brisbane massage and acupuncture clinic
Cupping Therapy is an ancient medical treatment that relies upon creating a local suction to mobilise blood flow in order to promote healing. It is performed by creating a vacuum in the cup placed on the skin by either applying a heated cup on the skin which consumes the air within it (fire cupping) or by using a suction pump (suction cupping). In fire cupping the practitioner may use a cup made of glass, metal or wood (bamboo). The cups are then heated by burning alcohol-soaked cotton within the cups. The cup is then placed faced down flat on the skin as the heat creates suction on the skin. Suction cupping uses a suction pump to pump the air out of the cup after it is applied to the skin.
In traditional Chinese medicine (TCM) cupping has been one of the oldest non-drug therapies in ancient china. Cupping was used along with acupuncture and moxibustion. ‘Qi’ is the fundamental energy of life according to the Chinese medicine and it flows in everything. The nature of ‘qi’ is warm and flowing hence a disease is thought to block the flow and becomes congested. For this reason, amongst the Chinese, cupping is thought to balance the ‘qi’. The cups are applied along acupuncture points (‘meridians’) and the site of pain (Ford 2013).
http://www.rayfordacupuncture.com.au/wp-content/uploads/2015/03/the_use_of_cupping.pdf (accessed 13 September 2016)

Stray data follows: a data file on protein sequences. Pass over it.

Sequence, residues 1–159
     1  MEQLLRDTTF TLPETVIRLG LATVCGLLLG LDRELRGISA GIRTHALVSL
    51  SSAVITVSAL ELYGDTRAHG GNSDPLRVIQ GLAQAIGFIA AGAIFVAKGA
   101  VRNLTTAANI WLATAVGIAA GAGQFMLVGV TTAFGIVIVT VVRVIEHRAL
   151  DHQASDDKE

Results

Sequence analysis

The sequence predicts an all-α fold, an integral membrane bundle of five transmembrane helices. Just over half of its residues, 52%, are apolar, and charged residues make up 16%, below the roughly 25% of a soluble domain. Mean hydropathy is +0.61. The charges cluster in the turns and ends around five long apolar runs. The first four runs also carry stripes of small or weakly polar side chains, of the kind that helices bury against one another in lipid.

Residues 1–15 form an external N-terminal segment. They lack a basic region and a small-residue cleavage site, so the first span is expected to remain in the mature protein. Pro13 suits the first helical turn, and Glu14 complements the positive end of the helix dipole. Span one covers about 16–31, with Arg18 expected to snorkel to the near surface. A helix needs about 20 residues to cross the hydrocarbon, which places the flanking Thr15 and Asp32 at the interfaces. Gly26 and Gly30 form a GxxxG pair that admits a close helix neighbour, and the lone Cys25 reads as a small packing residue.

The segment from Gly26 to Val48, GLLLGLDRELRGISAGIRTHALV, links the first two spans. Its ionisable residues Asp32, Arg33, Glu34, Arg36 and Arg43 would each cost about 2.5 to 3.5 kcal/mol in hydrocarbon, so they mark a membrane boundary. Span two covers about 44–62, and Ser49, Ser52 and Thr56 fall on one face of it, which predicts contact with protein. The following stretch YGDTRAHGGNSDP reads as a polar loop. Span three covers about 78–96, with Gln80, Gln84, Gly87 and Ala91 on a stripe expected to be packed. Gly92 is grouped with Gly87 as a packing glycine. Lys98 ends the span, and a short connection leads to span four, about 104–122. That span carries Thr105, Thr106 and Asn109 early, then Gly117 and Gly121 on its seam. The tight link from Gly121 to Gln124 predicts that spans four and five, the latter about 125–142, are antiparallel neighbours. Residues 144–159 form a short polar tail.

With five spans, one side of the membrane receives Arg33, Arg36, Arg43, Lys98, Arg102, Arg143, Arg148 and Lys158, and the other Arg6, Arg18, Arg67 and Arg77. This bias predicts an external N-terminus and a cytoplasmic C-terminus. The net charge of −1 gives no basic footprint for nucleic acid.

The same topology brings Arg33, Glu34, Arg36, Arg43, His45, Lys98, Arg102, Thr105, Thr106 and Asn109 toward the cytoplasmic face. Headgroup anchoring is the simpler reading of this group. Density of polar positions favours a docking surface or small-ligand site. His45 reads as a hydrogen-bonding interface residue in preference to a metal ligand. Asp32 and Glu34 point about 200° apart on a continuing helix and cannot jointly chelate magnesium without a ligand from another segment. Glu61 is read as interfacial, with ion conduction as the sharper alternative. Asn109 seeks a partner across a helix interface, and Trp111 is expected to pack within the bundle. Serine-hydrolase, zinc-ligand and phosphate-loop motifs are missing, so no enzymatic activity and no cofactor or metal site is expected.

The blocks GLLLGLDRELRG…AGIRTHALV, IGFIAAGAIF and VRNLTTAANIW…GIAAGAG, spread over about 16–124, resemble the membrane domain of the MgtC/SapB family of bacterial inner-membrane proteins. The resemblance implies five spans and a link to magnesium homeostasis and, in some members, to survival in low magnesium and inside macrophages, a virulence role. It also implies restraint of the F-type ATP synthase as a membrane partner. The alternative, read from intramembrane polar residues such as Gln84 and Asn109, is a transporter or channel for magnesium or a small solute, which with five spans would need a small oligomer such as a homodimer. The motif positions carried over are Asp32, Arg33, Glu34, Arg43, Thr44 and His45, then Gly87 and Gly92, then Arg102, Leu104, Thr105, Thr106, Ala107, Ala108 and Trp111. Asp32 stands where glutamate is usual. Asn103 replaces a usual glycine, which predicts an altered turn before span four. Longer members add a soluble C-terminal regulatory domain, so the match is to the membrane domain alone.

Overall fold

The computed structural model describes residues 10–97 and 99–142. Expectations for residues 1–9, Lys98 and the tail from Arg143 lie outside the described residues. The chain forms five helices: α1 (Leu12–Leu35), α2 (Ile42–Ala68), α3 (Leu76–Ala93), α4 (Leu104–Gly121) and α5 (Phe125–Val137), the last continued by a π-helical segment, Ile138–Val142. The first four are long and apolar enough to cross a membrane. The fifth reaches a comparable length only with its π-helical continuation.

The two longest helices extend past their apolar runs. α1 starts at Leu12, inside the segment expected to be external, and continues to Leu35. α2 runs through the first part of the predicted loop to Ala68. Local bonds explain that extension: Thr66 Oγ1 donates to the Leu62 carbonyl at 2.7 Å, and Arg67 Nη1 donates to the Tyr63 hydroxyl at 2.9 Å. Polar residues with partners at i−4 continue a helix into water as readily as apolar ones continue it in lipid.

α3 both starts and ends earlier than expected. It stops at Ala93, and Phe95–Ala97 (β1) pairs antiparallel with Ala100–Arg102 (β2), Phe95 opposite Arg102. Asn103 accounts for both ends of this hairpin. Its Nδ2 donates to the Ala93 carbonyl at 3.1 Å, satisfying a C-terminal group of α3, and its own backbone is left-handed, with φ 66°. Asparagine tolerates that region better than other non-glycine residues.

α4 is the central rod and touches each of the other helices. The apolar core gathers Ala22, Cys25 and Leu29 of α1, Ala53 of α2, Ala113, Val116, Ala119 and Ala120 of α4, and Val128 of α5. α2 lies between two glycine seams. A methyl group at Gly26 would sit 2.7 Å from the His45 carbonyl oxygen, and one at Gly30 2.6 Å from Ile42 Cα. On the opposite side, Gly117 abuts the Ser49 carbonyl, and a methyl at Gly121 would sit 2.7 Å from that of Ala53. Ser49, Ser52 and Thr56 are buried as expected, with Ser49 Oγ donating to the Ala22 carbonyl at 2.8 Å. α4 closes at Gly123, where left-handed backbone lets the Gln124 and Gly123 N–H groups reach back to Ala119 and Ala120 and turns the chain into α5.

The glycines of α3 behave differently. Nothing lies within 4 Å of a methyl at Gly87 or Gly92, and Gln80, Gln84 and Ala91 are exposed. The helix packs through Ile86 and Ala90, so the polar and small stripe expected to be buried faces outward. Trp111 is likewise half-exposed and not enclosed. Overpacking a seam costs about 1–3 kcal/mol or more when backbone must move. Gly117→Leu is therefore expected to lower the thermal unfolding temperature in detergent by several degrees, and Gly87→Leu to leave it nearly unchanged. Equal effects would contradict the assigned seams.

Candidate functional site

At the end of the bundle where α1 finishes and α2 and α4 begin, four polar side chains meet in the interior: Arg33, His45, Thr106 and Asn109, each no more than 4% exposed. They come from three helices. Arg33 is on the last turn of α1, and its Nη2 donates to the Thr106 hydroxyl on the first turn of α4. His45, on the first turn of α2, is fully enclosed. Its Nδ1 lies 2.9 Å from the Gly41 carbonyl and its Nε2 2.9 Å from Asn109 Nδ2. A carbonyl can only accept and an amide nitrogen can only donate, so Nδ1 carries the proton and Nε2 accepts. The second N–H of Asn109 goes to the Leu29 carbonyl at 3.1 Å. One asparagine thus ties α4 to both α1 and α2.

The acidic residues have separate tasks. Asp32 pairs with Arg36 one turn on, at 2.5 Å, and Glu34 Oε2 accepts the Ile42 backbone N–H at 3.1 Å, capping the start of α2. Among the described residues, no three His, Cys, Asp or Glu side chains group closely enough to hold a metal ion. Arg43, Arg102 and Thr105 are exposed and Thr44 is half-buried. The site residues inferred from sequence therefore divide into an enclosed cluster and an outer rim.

There have been many studies that have given evidence of the effectiveness of cupping in medical health problems. Cao et al. (2010) identified 50 diseases that cupping has been used for in many different studies; these diseases may have been part of clinical studies, case series or case reports, amongst those for pain, herpes zoster virus, cough/ asthma, acne, lower back pain, fibromyalgia, generalized pain (lumbar sprain), infection pain (herpes zoster) and neuralgia pain (sciatica and headache).
Cupping has come to prominence recently due to its use by Olympic athletes and celebrities, but
Cao H, Han M, Li X, Dong S, Shang Y, Wang Q, Xu S and Liu j (2010), ‘Clinical research evidence of cupping therapy in china: a systemic literature review’, BMC complementary and Alternative Medicine, 10(70).
Available at: http://www.biomedcentral.com/1472-6882/10/70